ADO.NET is a set of computer software components that programmers can use to access data and data services based on disconnected DataSets and XML. It is a part of the base class library that is included with the Microsoft .NET Framework. It is commonly used by programmers to access and modify data stored in relational database systems, though it can also access data in non-relational sources. ADO.NET is sometimes considered an evolution of ActiveX Data Objects (ADO) technology, but was changed so extensively that it can be considered an entirely new product.
ADO.NET is conceptually divided into consumers and data providers. The consumers are the applications that need access to the data, and the providers are the software components that implement the interface and thereby provide the data to the consumer.
Functionality exists in the Visual Studio IDE to create specialized subclasses of the DataSet classes for a particular database schema, allowing convenient access to each field through strongly typed properties. This helps catch more programming errors at compile-time and makes the IDE's Intellisense feature more beneficial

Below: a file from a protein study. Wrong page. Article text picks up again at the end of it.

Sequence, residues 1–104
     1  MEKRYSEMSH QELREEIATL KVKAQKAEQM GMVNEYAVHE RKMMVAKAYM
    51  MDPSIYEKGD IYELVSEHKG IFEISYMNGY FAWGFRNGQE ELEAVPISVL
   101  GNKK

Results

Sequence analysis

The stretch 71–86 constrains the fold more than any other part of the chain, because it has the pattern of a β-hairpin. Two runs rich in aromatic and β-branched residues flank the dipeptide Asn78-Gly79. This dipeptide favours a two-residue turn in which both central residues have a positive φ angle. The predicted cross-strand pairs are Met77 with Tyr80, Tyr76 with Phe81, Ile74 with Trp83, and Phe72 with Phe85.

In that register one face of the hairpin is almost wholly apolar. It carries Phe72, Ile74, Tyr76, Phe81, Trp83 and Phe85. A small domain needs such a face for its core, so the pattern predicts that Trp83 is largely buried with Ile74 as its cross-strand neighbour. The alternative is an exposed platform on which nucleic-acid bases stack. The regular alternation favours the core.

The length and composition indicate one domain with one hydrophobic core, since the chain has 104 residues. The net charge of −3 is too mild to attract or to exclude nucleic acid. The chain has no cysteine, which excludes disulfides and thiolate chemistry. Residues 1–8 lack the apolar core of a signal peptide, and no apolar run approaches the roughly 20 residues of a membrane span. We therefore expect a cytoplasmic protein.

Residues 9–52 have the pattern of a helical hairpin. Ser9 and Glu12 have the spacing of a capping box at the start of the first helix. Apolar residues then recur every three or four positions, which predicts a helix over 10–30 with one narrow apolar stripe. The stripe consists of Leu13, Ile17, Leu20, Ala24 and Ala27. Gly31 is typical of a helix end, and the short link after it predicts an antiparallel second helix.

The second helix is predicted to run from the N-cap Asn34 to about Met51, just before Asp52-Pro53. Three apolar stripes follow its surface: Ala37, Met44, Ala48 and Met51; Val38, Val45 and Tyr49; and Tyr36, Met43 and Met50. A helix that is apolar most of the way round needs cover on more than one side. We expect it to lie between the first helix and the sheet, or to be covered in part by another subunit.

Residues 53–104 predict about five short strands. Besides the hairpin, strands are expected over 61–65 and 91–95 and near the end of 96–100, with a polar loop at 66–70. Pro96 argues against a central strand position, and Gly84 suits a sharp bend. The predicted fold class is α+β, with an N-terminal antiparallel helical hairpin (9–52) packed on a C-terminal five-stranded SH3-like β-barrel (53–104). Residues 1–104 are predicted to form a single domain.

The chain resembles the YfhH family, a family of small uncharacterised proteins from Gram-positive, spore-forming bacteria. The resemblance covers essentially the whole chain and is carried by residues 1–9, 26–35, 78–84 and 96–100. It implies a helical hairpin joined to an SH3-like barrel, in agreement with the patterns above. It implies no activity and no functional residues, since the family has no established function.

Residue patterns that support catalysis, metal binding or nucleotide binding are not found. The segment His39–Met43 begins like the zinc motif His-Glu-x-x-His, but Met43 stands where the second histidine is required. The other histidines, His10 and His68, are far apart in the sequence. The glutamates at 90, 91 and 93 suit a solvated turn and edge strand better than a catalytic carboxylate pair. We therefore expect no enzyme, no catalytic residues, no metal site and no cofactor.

The ADO.NET Entity Framework is a set of data-access APIs for the Microsoft.NET Framework, similar to the Java Persistence API, targeting the version of ADO.NET that ships with .NET Framework 4.0. ADO.NET Entity Framework is included with .NET Framework 4.0 and Visual Studio 2010, released in April 2010. An Entity Framework Entity is an object which has a key representing the primary key of a logical datastore entity. A conceptual Entity Data Model (Entity-relationship model) is mapped to a datastore schema model. Using the Entity Data Model, the Entity Framework allows data to be treated as entities independently of their underlying datastore representations.
Entity SQL, a SQL-like language, serves for querying the Entity Data Model (instead of the underlying datastore). Similarly, LINQ extension LINQ to Entities provides typed querying on the Entity Data Model. Entity SQL and LINQ to Entities queries are converted internally into a Canonical Query Tree which is then converted into a query understandable to the underlying database.